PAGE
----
The small details can make a big difference. In Darren Hardy’s book The Compound Effect (2020), he notes that the number 1 golfer makes double the income of the number 10 golfer and yet the difference between these two ranks is less than half of a swing.

By allowing yourself ample time to work on a grant proposal, you ensure that you can focus on the important details of the proposal itself, which often makes a difference when funding decisions are made. The following four tactics are helpful in ensuring that all important details are included:    

  1. Take care of the easy tasks as soon as you can. This clears up time to work on more pressing matters as the grant deadline approaches (Note: This idea relates to the foundational tasks reference in Tip #1.)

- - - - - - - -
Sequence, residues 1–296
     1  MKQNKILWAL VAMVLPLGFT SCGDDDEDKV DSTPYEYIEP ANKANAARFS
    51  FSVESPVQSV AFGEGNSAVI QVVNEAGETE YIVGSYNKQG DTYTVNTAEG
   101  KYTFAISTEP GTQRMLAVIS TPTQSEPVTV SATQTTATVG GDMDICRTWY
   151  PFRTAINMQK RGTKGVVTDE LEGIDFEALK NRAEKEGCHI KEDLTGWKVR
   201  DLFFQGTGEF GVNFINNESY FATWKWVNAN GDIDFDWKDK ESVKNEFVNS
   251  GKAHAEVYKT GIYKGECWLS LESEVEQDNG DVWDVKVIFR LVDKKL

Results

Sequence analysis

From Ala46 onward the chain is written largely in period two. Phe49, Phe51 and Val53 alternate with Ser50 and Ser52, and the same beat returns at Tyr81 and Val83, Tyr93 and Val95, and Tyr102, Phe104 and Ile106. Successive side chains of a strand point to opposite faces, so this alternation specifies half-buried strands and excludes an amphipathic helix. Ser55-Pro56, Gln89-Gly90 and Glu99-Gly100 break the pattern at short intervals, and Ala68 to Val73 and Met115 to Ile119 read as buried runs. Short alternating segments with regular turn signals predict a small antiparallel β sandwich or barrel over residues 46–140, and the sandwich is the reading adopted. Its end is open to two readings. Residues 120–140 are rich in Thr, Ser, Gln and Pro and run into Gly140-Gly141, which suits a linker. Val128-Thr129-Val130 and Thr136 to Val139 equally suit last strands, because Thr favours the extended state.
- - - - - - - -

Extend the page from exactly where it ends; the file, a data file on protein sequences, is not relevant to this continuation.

2. Ensure that your proposal addresses all the solicitation’s requirements.
  3. Utilize an external reviewer to read through your proposal and supporting documents.
  4. Submit your proposal early because technology issues could impact on the proposal uploading process.

Submit your proposal early because technology issues could impact on the proposal uploading process


The tips we shared throughout this webinar are never going to fully eliminate the grant writing frenzy because the process is always going to take a lot of time and effort. However, by starting the process early, effectively building your team, starting the iterative ideation, and writing processes as soon as possible, and ensuring that you focus on the important details within the proposal, we believe that the grant writing frenzy can and will be reduced.

This blog post has been an overview of the main points. Be sure to visit the webinar recording to get a full discussion on this topic and review our slides here.


Hardy, D. (2020). The compound effect: Jumpstart your income, your life, and your success. Hachette Books: NY.